#22 and others that are similar, are QMG, Quarter-Master Gunner, or in the modern Aussie navy, Bosuns Mate.

#10 is Radio Electronics Technician.

Some are similar to what we still use, some I have never seen before, and must be specific to the Brits though we still use a similar system.

Regards;

Johnsy

Hiya Johnsy!

Thanks for the posts. Yes they are indeed British but from what I know the Australian and British systems are rather similar. There are a few of them for which I absolutely had no clue as to what trade they represent.

The problem with these badges is that they are virtually never ending to collect. If you consider the compliment of the larger ships and the hundreds of trades on each vessel, it virtually becomes impossible to collect them all. Mind you, that's the fun part of collecting them!!! But on the other hand, when u end up buying a patch which you cannot research and which nobody seems to know what it relates to, it does start to get frustrating! After all.... is it really a navy patch or not???? Colelcting blind is never good and when you lack the experience and exertise....well..... In any case, thanks for throwing some further light on these badges.... As for the Australian navy, I only had one badge which i posted...... can you confirm that u use the jet configuration instead of the prop..... I am just wondering if the story I posted with that badge holds water.....

Jim :cheers:

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The Marksmans badge, with slings - the army versions were produced with & without, but after 1874 the "without" became more common.

Of more interest than the sling issue is the actual style of "rifle".

Your one lacks magazines & is actually the style of the armys early pattern versions of this badge, showing a musket or long rifle, thick barrels, the diagonal thread across the butts.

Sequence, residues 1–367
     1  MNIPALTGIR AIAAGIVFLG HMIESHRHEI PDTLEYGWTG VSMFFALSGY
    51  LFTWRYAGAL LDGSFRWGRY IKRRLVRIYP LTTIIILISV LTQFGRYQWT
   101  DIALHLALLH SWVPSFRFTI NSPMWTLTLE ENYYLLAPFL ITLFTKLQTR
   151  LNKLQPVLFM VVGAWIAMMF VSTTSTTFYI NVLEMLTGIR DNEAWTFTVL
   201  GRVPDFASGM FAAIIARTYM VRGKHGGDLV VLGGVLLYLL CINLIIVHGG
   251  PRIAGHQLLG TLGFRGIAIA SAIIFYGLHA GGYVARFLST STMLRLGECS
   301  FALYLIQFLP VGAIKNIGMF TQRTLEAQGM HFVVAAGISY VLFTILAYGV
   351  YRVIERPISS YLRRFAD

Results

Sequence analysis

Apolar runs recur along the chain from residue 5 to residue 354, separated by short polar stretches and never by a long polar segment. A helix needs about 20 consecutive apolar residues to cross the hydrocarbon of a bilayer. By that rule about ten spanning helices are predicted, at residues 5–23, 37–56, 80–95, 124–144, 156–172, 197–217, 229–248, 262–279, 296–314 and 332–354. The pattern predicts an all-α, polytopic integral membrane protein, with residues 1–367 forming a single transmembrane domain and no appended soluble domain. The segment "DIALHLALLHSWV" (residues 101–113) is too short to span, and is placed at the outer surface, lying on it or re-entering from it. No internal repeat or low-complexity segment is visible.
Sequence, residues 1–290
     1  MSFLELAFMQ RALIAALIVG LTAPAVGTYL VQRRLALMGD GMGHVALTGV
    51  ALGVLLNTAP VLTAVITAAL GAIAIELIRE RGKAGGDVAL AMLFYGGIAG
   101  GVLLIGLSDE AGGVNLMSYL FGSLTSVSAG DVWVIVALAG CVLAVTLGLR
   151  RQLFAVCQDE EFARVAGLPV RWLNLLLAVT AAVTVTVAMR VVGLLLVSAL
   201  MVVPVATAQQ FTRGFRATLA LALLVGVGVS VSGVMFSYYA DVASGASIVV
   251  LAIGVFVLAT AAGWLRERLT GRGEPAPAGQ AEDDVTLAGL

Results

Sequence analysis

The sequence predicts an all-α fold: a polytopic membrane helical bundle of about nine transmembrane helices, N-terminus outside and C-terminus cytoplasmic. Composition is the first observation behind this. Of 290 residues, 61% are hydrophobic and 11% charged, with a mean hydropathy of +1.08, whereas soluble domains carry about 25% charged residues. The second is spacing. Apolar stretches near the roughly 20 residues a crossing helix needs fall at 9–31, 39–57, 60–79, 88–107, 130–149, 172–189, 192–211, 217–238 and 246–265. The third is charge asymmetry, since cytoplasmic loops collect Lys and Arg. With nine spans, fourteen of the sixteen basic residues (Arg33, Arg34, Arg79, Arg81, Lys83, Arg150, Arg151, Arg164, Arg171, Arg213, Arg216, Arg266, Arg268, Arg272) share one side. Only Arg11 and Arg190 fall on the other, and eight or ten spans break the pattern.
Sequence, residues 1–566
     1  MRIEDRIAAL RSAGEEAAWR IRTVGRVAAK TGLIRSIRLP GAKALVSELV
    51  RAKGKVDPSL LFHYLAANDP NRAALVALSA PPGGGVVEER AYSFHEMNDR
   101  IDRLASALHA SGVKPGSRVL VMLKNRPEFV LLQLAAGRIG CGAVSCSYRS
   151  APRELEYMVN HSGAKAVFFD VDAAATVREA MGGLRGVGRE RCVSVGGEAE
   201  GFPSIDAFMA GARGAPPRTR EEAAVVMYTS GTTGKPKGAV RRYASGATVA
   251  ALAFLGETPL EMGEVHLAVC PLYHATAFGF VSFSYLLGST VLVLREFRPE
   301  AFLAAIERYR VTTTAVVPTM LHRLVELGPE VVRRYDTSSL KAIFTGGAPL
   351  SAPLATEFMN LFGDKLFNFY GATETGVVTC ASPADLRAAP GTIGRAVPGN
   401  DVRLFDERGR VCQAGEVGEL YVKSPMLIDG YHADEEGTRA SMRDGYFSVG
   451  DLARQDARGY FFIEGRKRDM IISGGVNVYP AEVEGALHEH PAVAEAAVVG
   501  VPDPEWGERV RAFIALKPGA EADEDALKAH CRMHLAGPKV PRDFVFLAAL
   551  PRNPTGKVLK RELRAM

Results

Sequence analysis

Musketry Regulations 1869 stated to be worn in gold for the best shot in each company of infantry & in worsted for each qualified marksman, by 1881 this was extended to cavalry & Royal Engineers.

In 1909 it reverted to signifying Marksman, in gold for full dress, worsted for service dress.

Worn by Royal Navy & by army on blue uniforms, presumably - I have'nt got a gold & blue one for my army trade & skill at arms badge collection, so if you have'nt flogged it or thrown it away yet throw it this way.

Hi Leigh Kitchen,

Thanks for the info. So not to keep you in suspense..... I had sold all badges with rifles/muskets so I am afraid I cannot throw it your way! I always believed it to be an older variation of the other two crossed rifle badges without slings but with magazines..... of course based on the magazines!!! But I also considered the possibility that these might signify something different. At least that question is resolved.

Like i said in the previous post..... you really need to dig around to find out what some of these badges are or why they are the way they are. Too tiring for me to pursue.... epsecially given the other areas of collecting I was pursuing at the time! What can I say - nothing nicer than being streamlined on one area.... of course you do kick yourself in the behind sometimes when u sell something you had and discover it was something more interesting then first met the eye! But that's the way it goes as well!

Sorry again about that marksman badge!!!

Jim :cheers:

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Hiya Johnsy!

As for the Australian navy, I only had one badge which i posted...... can you confirm that u use the jet configuration instead of the prop..... I am just wondering if the story I posted with that badge holds water.....

Jim :cheers: